The laughter of Chinese students that greeted Secretary Geithner at Peking University shows how ridiculous this spiel sounds overseas. Actions speak louder than words, and the actions of the current Administration are deafening. Multi-trillion dollar deficits, bailouts, nationalizations, quantitative easing, and grandiose plans for government-provided healthcare, education, and alternative energy, render all their claims of future prudence meaningless. If our leaders will not make tough choices now, why should anyone believe they will do so later when those choices will be even harder to make?

Of course, it’s not just major holders, like China and Saudi Arabia, that need to be convinced. Since the largest holders are already in so deep, they have the greatest short-term incentive to play ball. While throwing good money after bad is certainly a lousy investment strategy, it is politically expedient as it delays the need to officially acknowledge losses. The spin is designed to keep all the smaller, more nimble holders from dumping their Treasuries. The major holders can publicly pledge their commitment to Treasuries, while they privately planning their exit strategies, as long as they feel that the smaller holders won’t spook the market by front-running their trades.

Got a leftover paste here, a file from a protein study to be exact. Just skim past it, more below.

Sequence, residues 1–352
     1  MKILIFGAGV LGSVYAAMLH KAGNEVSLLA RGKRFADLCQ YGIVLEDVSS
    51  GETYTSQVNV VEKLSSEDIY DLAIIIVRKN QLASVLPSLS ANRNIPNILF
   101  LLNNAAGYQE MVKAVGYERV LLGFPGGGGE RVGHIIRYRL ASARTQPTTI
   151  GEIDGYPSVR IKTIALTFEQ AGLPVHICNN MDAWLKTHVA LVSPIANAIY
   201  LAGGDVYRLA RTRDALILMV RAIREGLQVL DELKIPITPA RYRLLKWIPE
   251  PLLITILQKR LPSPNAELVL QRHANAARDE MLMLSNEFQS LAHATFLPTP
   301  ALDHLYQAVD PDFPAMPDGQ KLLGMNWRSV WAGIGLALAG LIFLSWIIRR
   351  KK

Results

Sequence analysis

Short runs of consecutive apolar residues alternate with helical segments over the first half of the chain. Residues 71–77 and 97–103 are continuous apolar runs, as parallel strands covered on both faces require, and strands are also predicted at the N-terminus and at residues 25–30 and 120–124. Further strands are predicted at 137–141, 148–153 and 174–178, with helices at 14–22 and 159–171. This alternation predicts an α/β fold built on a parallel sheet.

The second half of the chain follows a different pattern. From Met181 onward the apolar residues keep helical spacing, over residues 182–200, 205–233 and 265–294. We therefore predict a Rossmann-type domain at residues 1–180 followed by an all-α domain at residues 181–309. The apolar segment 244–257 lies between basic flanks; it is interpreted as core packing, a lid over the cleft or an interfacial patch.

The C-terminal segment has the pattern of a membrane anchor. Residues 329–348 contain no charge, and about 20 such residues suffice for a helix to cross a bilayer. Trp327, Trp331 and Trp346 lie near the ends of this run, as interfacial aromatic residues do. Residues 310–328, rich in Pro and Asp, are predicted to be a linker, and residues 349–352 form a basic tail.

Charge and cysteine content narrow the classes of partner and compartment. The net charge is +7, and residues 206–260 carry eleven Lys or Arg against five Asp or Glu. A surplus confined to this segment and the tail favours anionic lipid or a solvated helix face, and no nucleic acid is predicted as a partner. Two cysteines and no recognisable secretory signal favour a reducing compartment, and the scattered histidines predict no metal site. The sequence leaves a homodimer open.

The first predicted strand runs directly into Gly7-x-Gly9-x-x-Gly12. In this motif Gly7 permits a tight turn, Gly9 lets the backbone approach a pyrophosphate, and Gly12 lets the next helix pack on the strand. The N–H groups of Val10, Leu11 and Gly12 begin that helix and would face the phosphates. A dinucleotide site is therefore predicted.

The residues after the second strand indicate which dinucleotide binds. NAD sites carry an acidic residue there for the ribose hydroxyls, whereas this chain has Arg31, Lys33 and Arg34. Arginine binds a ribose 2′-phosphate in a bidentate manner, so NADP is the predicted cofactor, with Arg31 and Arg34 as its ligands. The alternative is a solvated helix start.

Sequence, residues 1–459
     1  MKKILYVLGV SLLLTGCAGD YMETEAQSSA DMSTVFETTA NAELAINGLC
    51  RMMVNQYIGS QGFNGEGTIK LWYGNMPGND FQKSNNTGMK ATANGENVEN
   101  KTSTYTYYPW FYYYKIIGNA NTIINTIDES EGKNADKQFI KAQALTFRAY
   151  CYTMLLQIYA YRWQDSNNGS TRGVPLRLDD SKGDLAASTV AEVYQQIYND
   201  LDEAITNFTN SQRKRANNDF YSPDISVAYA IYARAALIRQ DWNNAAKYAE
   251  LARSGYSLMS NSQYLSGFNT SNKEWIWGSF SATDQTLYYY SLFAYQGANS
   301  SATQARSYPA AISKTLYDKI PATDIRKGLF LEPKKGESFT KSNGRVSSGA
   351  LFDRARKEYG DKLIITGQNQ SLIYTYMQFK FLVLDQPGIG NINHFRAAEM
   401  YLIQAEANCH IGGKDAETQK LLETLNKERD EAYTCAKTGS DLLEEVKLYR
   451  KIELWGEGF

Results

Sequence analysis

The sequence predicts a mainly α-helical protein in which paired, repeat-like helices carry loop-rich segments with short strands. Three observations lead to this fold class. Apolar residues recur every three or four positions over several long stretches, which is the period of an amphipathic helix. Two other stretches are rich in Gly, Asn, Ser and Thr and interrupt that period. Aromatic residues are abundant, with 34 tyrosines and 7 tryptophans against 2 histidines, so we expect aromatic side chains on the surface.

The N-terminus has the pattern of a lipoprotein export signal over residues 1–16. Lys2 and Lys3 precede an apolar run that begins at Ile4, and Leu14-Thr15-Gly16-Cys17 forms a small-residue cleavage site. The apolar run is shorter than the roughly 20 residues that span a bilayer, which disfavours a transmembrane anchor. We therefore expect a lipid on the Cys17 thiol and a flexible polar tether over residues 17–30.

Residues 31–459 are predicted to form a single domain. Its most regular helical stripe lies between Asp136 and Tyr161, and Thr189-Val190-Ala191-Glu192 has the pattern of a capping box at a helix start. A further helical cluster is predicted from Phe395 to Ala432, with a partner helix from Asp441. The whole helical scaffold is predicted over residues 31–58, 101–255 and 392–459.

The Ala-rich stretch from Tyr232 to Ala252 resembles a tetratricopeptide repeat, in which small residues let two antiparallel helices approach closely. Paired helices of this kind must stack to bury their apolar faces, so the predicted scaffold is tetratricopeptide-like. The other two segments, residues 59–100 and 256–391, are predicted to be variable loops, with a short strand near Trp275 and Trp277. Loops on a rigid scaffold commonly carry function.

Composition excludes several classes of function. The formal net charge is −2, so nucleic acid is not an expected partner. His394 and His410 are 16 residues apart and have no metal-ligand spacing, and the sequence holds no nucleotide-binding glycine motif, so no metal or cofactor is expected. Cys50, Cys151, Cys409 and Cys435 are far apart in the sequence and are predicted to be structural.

However, once the psychology turns, there is no way to stop the rush for the exits. Remember how quickly the secondary market for subprime mortgages collapsed? One day, investors were lining up to buy; the next day, the stuff couldn’t be given away. Make no mistake about it, we are issuing subprime paper and no amount of political spin can alter that reality. Bogus credit ratings aside, I think the world already knows this and it’s just a matter of time before someone admits it.